uses a lot of automation, especially in
regards to packaging the beer and the
room containing the packaging plant
was cavernous. The brewery also has
a very modern lab.
Most of Westmall e's beer goes
into 33 cl bottles. Only 5% (and only
the dubbel} gets kegged and only 1%
get packaged in 750 cl bottles. This
package size is mostly for export to the
US. Once packaged, the beer goes to
their conditioning room, a warm room
to let the beers carbonate. As a home-
brewer, I was thrilled to be standing
next to so much beer. The stacked
pallets stretched into the distance,
vaguely reminscent of the final ware-
house scene in Raiders of the Lost Ark.
After the beer is conditioned, it is
stored for 3-4 weeks at 50 °F (1 0 °C}
before it is shipped.
- Chris Colby
BYO.COM May-June 201 2 41
42 May-June ·2012 BREW YOUR OWN
mentation in the mid 60s °F (around
18 oq ' but then let the fermentation
temperature rise almost to 70 °F
(21 °C) in the final days of primary fer-
mentation. This rise "'-': ill help keep the
yeast working.
With the high wort gravity and all
of the simple sugars available early in
fermentation , you may experience a
temperature spike around high krausen.
Monitor your fermentation tempera-
ture and lower your wort temperature
if needed. Do not let it climb above
7 0 °F (21 °C) early. Conversely, keep an
eye as fermentation slows that you
don't chill the wort down too much.
You want the fermentat ion tempera-
ture to rise after the most vigorous part
of fermentation has finished. One way
to conceptualize a tripe! fermentation
is to recognize that you face some chal-
lenges in fermenting this wort - you
have a high gravity wort with a fair
amount of sugar as an adjunct , plus
you've "underpitched" - and you need
to manipulate your fermentation tem-
perature to minimize the impact of
these negative factors.
Of course, you should aerate your
wort throughly once the wort is chilled
and immediately before the yeast is
pitched. Adding yeast nutrients in the
kettle is also a good idea. Take a look at
what the manufacturer recommends
and don't exceed that rate.
Carbonate Highly
In Belgium, tripels are both bottle con-
ditioned and served from draft ,
although individual breweries may have
a preference for one over the other. For
example, Westmalle does not release
kegs of tripe!, but Chimay does. o
matter how you package your tripe! ,
you do need to carbonate it highly, to
about 4 volumes of C0
. High levels of
carbonation accentuate the dryness of
the b e e ~ and are an important part of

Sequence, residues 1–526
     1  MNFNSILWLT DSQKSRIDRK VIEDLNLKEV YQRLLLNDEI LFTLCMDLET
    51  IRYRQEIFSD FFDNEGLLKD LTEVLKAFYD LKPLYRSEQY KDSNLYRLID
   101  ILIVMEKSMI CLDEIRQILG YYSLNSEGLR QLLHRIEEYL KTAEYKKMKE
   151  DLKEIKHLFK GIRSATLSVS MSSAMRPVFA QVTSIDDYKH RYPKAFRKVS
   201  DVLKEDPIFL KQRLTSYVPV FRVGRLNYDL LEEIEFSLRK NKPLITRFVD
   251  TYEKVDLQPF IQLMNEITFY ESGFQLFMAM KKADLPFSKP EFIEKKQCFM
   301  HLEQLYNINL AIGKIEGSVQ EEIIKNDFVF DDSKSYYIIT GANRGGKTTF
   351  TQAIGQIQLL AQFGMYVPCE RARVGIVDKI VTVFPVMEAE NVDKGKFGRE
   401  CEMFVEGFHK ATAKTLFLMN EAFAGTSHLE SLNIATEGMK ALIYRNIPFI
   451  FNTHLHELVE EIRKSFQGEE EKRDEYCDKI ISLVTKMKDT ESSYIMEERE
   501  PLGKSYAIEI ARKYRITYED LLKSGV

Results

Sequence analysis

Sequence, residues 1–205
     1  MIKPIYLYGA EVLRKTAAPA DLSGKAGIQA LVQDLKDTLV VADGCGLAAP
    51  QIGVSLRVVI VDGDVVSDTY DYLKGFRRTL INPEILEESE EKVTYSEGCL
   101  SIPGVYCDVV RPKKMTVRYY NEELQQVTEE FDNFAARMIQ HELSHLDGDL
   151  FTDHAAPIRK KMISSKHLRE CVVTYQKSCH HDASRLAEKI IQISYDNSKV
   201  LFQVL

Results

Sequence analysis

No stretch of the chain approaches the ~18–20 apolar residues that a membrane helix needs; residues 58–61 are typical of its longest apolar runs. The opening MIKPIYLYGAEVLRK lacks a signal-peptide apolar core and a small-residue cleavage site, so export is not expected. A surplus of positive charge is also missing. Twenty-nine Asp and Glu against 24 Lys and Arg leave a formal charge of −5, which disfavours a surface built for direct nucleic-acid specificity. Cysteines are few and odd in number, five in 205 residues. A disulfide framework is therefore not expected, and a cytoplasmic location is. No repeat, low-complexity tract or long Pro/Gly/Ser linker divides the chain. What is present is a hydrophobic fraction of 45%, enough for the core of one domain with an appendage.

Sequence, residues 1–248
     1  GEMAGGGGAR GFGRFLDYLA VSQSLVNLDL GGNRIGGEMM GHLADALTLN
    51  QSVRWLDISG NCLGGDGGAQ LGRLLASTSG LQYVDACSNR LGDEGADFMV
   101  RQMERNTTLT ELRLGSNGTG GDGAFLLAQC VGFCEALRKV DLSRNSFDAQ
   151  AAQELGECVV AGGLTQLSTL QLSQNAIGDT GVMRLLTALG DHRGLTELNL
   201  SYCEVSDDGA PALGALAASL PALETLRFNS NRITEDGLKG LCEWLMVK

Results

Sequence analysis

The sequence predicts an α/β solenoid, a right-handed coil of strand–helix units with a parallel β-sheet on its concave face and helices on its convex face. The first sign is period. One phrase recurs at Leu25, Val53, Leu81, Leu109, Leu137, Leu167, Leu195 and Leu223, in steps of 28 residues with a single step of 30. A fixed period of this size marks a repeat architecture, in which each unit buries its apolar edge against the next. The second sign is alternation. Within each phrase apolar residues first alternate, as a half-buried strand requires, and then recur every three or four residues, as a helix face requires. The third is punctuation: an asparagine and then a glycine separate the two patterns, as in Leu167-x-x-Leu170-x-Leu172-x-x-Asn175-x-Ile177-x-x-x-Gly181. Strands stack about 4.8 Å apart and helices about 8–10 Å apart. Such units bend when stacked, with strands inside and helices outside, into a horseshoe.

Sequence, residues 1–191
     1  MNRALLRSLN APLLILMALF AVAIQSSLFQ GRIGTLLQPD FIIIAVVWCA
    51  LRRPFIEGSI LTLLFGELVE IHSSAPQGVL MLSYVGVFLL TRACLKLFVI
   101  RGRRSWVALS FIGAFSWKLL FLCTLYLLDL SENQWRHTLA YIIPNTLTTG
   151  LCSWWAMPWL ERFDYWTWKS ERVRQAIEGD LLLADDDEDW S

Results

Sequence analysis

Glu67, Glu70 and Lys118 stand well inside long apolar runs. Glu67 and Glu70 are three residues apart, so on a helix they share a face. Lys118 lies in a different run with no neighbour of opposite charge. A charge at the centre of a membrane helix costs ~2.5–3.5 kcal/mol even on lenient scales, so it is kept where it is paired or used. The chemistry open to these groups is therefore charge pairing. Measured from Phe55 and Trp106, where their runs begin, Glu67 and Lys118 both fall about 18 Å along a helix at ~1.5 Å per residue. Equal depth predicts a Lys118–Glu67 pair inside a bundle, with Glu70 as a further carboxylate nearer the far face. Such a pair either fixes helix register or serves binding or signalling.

the style.
If you are kegging, check a carbon-
ation chart and adjust the C0
sure depending on the temperature of
your beer. (One such chart can be
found at: http:/ /
carbonation-table.php) For example, if
YOU StOre your beer at 40 °F ( 4.4 °C),
you would need to apply 29lbs. of C0
pressure to yield 4.0 volumes of C0
A well-maintained keg will easily be
able to hold this pressure, but make
sure all your keg connections are
clamped and tightened, just in case.
If you bottle condition your tripe! ,
as is more common, you will need to
add the right amount of priming sugar.
That amount depends both on how
much carbonation you desire and how
much C0
your beer has retained after
fermentation. Check out the priming
carbonation chart at (click on
"Resource Guide" at ~ h e top of the
page then "Carbonation Priming
Chart" to the left) for guidance here. If,
for example, your 5 gallons (19 L) of
tripe! finished at 70 °F (2 1 °C) , you
would need to add 10.5 oz. (297 g) of
corn sugar - about t wice t he normal
rate for priming ales - to get the full
level of carbonation. Store the bottles
warm, ideally around 80 °F (27 _
C) , for
about I 0 days, then check the carbona-
tion by chilling one overnight and open-
ing it. Move the beer to cold storage
once the beer has carbonated.
Do not package your tripe! in thin-
walled bottles or bottles that show any
evidence of stress or cracking. If you
actually drink Belgian beer regularly,
you can save the sturdy 33 cl bottles
that take crown caps and use them to
package your tripe!. Or, you can pack-
age it in 750 ml bottles using a corker
and wire cages. (See Dave Louw's arti -
cle in the July-August 2009 issue of
BYO for how to cork Belgian-style
beers.) If you can't find a full supply of
Belgian bottles, use the thickest bottles
you can find, carbonate them to about
3. 0 volumes of C0
and store them
somewhere they will not cause a prob-
lem if they burst (for example, in a stur-
dy case box, lined with a garbage bag).
Brewing the best tripe! requires atten-
tion to detail - from choosing the best
malt to guiding the fermentation on its